The Picture of Dorian Gray
By Oscar Wilde at Devonshire Park Theatre, Eastbourne
“What does it profit a man if he gains the whole world and loses his soul?”
This bold new production based on the classic novel celebrates Wilde’s wonderful language and appeals to this mixed age audience. Featuring Wilde’s famous wit, The Picture of Dorian Gray is presented as a two act thriller with a narrative momentum which keeps the attention up until the final scenes of the play.
It’s a grand setting for a decadent play, worked up from the Oscar Wilde original this setting by Titled Wig and Malvern Theatres is a well-crafted piece of theatre with their trade mark high production values. I’ve not seen a show of theirs I’ve not enjoyed and this evening’s production in the Devonshire Park Theatre was no exception. The theatre continues to improve, having just updated or rather retro modelled it’s lavatorrial facilities to high Victoriana – Mr Crapper ‘s finest porcelain no less, all brand new, but the kind of facilities one might expect in the house of one of the endless aunts referred to in Wilde’s plays.
With its efficient, clever walk on, walk off character intro’s depicting set changes, not only saving valuable time and fiddling but also making it clear that most of these characters live in the same interchangeable spaces, luxurious, indolent, at leisure, with some swift smart lighting the set is transformed into a cheap theatre, a dodgy desperate alley way or another stage, rather well done the lighting and tech crew. We were impressed.
The faded grader of the set, hinting at old things being constantly renewed, with some rather clever gas pipes being added to the Georgian walls was lovely, there were some excellent small touches; flowers faded and died which gave a subtle feeling of time moving on, even though the main protagonist is anchored in time, unchanged.
There’s a lot of set up in a Wilde novel, and the first act is mostly about the how and why, playing down the supernatural element is the only way to make this play work as the rest of it is so very much concerned with impact and indulgence.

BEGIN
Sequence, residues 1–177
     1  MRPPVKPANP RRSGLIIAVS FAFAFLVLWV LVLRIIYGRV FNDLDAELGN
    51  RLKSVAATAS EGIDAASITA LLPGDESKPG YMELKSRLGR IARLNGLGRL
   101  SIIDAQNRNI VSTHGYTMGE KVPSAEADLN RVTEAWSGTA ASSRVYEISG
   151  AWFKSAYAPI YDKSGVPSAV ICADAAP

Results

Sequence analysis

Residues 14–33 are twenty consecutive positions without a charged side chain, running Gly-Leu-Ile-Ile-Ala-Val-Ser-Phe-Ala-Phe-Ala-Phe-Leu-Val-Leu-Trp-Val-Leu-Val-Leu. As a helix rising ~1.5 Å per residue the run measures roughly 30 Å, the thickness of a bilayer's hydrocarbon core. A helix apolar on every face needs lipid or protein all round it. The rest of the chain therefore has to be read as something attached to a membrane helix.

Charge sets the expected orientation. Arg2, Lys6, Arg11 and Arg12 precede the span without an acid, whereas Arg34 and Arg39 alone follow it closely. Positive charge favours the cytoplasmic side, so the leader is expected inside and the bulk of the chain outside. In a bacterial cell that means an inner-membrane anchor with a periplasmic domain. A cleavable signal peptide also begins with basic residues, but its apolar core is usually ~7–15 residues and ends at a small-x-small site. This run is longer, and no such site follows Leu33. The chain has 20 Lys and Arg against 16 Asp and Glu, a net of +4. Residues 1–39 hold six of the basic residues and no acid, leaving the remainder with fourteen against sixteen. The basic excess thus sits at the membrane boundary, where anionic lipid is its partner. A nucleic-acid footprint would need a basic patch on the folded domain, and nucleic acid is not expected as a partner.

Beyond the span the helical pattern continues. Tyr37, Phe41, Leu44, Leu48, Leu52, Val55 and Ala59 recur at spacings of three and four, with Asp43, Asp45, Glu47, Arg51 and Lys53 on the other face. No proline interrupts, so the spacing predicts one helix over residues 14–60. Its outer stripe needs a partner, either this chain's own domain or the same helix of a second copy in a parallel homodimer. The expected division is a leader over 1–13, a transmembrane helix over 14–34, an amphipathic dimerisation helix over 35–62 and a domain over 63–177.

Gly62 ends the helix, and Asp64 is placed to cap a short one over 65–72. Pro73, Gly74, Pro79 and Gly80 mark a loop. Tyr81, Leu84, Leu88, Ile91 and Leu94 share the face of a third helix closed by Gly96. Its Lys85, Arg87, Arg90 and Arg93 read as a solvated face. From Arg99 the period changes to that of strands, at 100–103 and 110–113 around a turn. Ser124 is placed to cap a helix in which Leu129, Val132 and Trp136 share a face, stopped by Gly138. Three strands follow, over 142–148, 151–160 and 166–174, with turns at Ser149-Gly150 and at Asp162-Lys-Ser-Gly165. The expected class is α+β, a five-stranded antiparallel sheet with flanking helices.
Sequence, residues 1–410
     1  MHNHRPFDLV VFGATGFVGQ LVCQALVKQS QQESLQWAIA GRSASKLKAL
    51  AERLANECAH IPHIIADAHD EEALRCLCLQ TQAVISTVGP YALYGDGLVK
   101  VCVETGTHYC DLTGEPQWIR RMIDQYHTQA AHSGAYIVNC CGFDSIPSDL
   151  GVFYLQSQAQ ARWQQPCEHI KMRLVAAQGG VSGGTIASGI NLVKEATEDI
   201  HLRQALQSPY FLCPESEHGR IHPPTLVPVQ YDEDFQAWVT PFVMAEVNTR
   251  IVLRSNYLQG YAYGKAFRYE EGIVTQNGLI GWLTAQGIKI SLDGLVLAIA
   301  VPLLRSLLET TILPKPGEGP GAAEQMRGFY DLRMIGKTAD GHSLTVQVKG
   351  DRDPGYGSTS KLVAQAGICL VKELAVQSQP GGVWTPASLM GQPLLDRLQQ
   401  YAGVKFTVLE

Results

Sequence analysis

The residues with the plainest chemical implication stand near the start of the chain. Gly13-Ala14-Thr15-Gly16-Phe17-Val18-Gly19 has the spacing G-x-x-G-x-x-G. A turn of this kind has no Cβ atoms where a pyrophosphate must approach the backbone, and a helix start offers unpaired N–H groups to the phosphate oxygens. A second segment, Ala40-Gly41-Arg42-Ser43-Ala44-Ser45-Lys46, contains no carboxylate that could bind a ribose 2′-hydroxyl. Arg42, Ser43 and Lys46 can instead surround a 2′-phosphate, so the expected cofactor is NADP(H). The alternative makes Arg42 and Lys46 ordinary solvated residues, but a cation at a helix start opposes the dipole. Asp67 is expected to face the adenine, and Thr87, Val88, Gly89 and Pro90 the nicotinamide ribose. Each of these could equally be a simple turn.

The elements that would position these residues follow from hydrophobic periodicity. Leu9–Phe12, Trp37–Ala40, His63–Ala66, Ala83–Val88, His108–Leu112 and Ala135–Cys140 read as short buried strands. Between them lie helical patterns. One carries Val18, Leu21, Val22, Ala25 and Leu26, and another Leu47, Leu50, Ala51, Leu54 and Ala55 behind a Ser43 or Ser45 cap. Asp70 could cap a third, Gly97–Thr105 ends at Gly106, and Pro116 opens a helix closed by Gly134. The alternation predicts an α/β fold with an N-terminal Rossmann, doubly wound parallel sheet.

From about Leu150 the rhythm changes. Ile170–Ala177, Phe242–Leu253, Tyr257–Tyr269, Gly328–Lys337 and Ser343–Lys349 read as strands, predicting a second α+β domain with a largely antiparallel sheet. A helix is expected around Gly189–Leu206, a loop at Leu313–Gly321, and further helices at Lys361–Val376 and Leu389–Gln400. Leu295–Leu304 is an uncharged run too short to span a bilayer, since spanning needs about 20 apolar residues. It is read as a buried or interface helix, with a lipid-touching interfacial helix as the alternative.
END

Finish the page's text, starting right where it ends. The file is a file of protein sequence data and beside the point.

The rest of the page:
The second act gets on with the meat and gravy of the play, Dorians descent into depravity, the way it leaves – his face – at least untouched and the hideous tragic destinies, impacts and immorality of the people around him. It’s a complex narrative filled with witty lines and awful sentiments, which is one of the reasons it is so delightful.
Titled Hat have stripped out the lurid, giving rave/dance metaphor rather than orgy and opium den and the play works better for this slight updating. The director has brought the best out of this talented group of actors, none of whom were weak tonight, some of them covering multiple roles with adroit skill.
Overall this was a lovely piece of serious theatre, Wilde is always problematic to stage, what is left in, or taken out, how to ease the stifling class snobbery or sexism or even to lighten the blows of brittle slicing wit.
The company made some good judgement calls here, with good character development and engaging serious acting providing the heavy lifting around the narrative, allowing the audience to trust and connect with these rather obnoxious or pathetic people whilst allowing us to still find some understanding of the motivations and fear driving Dorian himself.
With some subtle soundscapes and tastefully modernised outfits we were presented with an insight not only into Wilde’s novel, but also into vanity and the ultimate responsibility to one’s own desires.
As we whizzed over Beachy Head with the full mood and a Baskerville fret spookily enfolding us and whispering us to our doom we pondered the themes and moods of this Dorian.
Good theatre should always leave you pondering. I’d have loved to have shoehorned in a metaphor about Instagram and selfie cultures, photo filters and the crafting of the perfect on-line persona, but this was such a seamless piece of good acting that it would seem vulgar to attempt such a thing. Conscience and cowardice really are just the same things after all.
Grab a programme, a lot of thought has gone into it and it’s – for once – a welcome accompaniment to this night of theatrical delight.
Plays at the Devonshire Park Theatre, Eastbourne until Saturday, March 23.
For more info or to book tickets, click here: